Learn how to build a hypothetical system.
Design a system for an imaginary location, such as the Cosby residence, or the Sandler home, to determine if your calculations are accurate first. Once you have established that your methods are correct, move on and design a system for your own home or business.
1. Determine the total area available
2. That establishes the number of panels you can fit
3. Determine the wattage of the panels total
4. That decides the inverter
5. Determine your orientation and shading factors
6. That determines your annual production
7. Analyze the existing bill
8. That will determine the amount of money you will save.
Learn everything from payback calculations, to wire sizing. Learn how to establish how much backfeeding you can do onto a service panel using the official NEC formulas. Depending on how into it you want to go, you can even learn how to derate for ampacity based on distance of the wires to the roof (yes, there's a factor for that!)
All of the factors are mentioned in the LineLoad kit. It's the best way to learn how to build a PV system, and it's meant to be played as a board game.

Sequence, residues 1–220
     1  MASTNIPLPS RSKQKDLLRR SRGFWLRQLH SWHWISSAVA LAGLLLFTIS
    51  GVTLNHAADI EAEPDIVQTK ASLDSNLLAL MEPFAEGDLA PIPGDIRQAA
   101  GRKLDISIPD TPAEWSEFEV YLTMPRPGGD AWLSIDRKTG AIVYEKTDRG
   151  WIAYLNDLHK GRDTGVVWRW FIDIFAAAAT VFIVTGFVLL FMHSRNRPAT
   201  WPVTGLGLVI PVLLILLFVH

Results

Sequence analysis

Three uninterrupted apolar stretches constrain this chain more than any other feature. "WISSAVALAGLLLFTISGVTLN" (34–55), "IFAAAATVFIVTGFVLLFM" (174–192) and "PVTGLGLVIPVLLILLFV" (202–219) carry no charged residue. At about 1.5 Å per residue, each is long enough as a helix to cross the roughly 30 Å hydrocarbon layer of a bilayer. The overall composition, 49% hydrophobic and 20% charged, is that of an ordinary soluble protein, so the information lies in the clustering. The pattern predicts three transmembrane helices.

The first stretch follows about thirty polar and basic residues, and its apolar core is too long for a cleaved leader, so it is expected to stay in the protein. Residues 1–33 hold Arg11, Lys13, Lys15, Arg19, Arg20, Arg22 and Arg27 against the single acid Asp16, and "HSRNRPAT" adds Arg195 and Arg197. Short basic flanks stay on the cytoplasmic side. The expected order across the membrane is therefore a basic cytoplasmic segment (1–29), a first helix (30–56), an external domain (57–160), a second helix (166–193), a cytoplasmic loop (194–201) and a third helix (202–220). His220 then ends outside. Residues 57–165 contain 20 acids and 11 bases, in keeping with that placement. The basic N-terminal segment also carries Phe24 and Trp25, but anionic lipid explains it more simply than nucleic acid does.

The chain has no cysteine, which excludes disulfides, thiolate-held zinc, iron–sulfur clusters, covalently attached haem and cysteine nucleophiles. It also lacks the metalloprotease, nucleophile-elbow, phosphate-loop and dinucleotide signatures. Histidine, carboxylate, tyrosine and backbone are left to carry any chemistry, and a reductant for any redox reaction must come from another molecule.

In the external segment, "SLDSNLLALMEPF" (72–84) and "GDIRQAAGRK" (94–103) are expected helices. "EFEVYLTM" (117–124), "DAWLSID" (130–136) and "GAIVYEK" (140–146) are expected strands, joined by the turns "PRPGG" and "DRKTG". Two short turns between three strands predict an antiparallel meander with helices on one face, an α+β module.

Also a learning tool for the class
Students (and homeowners) can find out how a solar installer determines what the shading on an array will be over the course of a year, using this neat tool. It was designed by farmers and it's called a Pathfinder. It uses data from the sun to determine annual production.
The information is then entered into a chart, such as this. The chart establishes the amount of sun the array will receive, so that you can scientifically estimate your annual production.
This course teaches how those calculations are made, and it shows you how to perform them yourself using some provided tools and the online resources available.